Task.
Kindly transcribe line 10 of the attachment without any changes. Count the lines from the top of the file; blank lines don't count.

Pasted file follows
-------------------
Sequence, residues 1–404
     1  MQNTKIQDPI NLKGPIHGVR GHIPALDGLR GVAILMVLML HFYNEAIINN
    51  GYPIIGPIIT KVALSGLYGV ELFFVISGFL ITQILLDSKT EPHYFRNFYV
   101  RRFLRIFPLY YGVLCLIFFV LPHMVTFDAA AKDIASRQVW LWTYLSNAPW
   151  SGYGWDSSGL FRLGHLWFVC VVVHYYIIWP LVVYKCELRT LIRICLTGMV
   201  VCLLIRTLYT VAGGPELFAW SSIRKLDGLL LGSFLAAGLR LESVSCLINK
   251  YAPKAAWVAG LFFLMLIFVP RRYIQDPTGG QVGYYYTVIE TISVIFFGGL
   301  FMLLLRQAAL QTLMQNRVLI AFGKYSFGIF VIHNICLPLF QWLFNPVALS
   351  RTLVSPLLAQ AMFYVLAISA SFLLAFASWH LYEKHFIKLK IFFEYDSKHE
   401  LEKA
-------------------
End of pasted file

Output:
   401  LEKA